If you desire deterministic, repeatable package installation (such as with containerized environments) via package pinning, it is important to understand your package repo's version retention rules. For example, most Alpine package repos contain an "edge" branch, which may drop package versions that are not deemed fit to make it into a stable branch. This means that pinning to a version on the edge branch may stop working after the package version is revoked from the repo. Always pin to a package version that is intended for your current Alpine Linux version.
This may happen if you are running Alpine Linux stable version with a certain edge/main, edge/community or testing package(s) also installed. One resolution is to consider upgrading apk-tools. If edge is already tagged in your repositories, then try:
Download the APK you want to install and tap the notification to begin the installation. Go into your settings at the prompt to give your browser installation permission, and then follow the prompts after that to install your APK. Alternatively, use a file browser to initiate installation, give the file browser permission to install APKs, and then it should install fine.
Yes, I think the Dropbox app still has all the permissions. Specifically, it has the permission 'install unknown apps' (translating from dutch here) (Settings > Apps > Dropbox). For other permissions, it is allowed 'storage', and denied 'camera' and 'contacts' (which seems okay to me).If you can point me where to look for other permissions, please advice!
If you want to try your favorite mobile apps on a desktop, you don't need to rely on command lines or Amazon's software lineup. Instead, you only need a simple GUI, known as WSA PacMan (short for Package Manager), to turn any APK into a double-click install. Here's how it works.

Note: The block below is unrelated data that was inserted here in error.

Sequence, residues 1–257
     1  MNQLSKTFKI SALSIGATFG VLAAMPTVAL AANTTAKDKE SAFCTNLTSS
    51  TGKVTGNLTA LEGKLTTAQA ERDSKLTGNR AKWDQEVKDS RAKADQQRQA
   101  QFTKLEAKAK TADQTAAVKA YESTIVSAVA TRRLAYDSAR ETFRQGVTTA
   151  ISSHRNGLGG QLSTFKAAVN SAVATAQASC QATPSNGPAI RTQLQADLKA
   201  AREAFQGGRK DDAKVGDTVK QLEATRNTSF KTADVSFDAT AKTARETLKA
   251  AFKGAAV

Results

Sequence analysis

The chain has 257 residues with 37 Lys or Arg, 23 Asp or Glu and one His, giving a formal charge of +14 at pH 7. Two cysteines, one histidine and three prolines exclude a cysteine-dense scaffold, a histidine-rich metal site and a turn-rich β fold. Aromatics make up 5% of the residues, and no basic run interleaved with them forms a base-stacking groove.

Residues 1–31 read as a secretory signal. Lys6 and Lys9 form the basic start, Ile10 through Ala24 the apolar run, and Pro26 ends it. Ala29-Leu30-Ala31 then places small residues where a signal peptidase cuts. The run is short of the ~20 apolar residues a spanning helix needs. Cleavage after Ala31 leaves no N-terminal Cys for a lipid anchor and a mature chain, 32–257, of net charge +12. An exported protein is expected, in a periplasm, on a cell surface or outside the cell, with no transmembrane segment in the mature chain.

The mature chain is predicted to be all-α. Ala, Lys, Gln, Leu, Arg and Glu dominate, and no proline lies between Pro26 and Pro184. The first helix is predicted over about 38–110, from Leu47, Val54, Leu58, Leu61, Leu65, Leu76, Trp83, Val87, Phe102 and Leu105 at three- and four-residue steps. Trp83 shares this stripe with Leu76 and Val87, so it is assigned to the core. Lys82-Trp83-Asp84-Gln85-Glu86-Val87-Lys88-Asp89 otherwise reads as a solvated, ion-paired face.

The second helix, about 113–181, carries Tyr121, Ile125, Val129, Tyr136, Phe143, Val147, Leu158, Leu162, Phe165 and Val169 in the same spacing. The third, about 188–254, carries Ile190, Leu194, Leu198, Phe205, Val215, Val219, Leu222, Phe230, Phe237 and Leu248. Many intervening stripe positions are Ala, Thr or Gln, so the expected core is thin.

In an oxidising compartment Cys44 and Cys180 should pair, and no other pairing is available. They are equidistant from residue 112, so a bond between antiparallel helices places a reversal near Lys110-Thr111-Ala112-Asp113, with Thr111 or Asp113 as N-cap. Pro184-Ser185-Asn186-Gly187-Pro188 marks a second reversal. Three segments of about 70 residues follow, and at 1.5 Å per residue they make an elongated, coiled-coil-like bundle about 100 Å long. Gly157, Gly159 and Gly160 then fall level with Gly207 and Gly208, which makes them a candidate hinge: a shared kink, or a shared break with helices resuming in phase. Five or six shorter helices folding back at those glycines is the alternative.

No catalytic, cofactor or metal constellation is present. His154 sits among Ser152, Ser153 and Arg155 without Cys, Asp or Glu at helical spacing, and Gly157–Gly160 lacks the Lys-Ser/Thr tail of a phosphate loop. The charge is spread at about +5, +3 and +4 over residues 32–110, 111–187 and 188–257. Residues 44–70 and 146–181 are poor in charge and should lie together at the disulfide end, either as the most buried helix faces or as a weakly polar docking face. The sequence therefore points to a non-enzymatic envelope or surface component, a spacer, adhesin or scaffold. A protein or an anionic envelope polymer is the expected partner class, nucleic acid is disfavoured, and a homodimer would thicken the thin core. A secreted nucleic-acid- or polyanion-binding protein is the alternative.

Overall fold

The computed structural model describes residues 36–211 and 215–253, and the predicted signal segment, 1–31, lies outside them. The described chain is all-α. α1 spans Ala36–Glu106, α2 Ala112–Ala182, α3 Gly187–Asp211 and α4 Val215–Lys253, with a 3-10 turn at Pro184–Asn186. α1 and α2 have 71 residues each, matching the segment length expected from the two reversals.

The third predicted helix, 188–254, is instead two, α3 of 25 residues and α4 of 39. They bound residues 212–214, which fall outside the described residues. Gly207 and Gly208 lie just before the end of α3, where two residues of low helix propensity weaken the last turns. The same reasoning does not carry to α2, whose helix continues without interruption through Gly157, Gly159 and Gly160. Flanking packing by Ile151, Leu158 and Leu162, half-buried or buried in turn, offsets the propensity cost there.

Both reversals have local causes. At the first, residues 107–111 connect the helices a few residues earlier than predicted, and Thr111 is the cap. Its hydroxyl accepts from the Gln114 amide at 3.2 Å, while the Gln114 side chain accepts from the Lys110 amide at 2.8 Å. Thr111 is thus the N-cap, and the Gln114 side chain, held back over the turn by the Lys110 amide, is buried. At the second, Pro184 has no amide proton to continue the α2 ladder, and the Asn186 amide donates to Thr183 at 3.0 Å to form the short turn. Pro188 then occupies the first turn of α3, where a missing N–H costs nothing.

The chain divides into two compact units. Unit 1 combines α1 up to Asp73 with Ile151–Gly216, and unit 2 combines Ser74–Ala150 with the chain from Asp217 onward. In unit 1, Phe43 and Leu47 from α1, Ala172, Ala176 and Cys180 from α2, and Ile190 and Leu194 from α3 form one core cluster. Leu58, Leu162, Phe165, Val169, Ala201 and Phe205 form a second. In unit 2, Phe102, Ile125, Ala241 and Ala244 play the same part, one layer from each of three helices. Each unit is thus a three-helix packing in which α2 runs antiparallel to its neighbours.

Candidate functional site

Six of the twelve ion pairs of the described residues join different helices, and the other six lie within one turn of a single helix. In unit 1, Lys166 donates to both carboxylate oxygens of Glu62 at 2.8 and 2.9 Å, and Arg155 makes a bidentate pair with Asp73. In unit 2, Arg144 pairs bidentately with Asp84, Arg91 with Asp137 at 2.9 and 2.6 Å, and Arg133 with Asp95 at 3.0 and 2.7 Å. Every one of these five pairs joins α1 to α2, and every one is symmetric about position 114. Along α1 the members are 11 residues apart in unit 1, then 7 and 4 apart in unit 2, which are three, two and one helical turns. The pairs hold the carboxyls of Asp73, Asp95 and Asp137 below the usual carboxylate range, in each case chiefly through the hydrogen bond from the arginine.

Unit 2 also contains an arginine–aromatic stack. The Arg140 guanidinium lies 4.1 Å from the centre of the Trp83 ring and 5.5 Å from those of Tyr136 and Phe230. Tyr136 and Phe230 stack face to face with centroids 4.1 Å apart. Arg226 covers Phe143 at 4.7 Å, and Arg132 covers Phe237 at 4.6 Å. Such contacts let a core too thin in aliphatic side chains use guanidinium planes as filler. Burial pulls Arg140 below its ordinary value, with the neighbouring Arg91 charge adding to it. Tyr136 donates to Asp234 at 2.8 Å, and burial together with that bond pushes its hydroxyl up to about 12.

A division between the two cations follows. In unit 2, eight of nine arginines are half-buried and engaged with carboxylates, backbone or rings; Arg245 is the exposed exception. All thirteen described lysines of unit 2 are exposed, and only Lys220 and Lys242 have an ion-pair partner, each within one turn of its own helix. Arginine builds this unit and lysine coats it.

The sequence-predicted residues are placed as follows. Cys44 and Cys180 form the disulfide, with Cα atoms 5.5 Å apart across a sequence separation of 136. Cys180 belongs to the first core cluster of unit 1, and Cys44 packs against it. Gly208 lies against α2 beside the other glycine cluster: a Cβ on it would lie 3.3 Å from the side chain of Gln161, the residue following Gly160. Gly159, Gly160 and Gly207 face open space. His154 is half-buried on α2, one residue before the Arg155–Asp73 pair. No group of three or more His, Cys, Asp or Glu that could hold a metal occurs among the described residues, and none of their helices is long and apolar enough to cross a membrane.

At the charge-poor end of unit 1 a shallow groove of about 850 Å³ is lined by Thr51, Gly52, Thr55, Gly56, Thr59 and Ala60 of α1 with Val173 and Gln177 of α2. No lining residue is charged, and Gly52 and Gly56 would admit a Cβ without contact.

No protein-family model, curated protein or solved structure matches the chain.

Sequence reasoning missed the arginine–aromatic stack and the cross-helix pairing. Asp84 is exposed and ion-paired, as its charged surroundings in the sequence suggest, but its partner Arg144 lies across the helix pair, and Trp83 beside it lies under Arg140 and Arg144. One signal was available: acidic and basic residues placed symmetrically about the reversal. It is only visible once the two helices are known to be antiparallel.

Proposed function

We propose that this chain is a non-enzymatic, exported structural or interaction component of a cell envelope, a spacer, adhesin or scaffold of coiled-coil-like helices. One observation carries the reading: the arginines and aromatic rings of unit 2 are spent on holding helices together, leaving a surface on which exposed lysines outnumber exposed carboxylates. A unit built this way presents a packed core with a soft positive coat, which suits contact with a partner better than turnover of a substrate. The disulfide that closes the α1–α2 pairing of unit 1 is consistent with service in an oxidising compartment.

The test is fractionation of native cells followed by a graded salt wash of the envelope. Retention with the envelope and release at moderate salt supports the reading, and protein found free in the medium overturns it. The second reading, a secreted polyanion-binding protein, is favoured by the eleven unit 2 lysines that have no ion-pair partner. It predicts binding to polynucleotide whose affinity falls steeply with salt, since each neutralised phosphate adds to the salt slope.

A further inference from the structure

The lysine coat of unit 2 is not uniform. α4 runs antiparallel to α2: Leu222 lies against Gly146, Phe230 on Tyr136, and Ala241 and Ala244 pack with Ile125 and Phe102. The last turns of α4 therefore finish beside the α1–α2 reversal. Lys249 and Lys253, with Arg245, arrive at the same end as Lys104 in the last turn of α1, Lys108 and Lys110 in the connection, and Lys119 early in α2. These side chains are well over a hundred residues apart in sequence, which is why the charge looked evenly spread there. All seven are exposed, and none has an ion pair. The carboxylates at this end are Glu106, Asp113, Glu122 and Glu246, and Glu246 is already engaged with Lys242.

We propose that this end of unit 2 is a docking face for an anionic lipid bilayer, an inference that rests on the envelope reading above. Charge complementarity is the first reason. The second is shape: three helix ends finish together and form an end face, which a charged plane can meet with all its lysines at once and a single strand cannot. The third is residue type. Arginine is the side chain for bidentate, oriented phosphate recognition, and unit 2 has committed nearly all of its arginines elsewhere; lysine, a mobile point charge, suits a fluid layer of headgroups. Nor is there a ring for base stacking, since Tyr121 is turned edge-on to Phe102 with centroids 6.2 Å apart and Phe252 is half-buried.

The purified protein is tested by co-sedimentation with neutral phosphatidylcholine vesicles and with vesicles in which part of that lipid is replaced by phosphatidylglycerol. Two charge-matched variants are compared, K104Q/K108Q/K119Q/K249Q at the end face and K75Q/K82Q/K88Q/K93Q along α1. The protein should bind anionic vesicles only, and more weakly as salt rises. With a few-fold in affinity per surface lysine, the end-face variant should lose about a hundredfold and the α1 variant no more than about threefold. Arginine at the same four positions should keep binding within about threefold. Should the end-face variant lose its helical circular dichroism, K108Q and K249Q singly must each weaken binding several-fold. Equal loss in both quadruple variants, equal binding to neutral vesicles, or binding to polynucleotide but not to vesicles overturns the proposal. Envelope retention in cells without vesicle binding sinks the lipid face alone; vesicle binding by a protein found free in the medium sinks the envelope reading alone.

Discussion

Because WSA PacMan is an interface designed to streamline sideloading, you'll need to get the bones of Android support up and running on Windows 11. If you don't have it, you'll start by installing the Amazon Appstore since it includes Windows Subsystem for Android.
The Amazon Appstore is supported in a ton of regions, including the U.S., so browse this list to see if your country is supported. If it isn't, you'll have to jump through a few hoops to get WSA up and running. It's a complicated process, but we created a Windows 11 WSA installation guide, and the Amazon Appstore isn't required.
From here, you can close Windows Subsystem for Android and WSA PacMan, as they don't need to be open to install APKs on your computer. After all, you've done the hard work. Now all you need is an app to install.
Locate the APK file on your device in Explorer, or grab one from a site like APK Mirror, and double-click it like any other .exe file on Windows. WSA PacMan takes care of the rest, delivering a similar installation prompt to what you'd see on Android. Once installed, you also have the option to create a desktop shortcut for your app.
From here, the app functions like any other software on your computer. It can be accessed from the Start menu, pinned to your taskbar, and uninstalled with a simple right-click. Just keep in mind that not every app is guaranteed to work. Streaming apps like Netflix, for example, will likely run into DRM-related issues, as Windows 11 lacks Winevine support.
Whether Android apps on Windows 11 catch on is still an open question, but the option not to rely on the Amazon Appstore makes its future a little brighter. Once WSA PacMan is set up, installing nearly any of our favorite mobile games is a total breeze, even on underpowered hardware.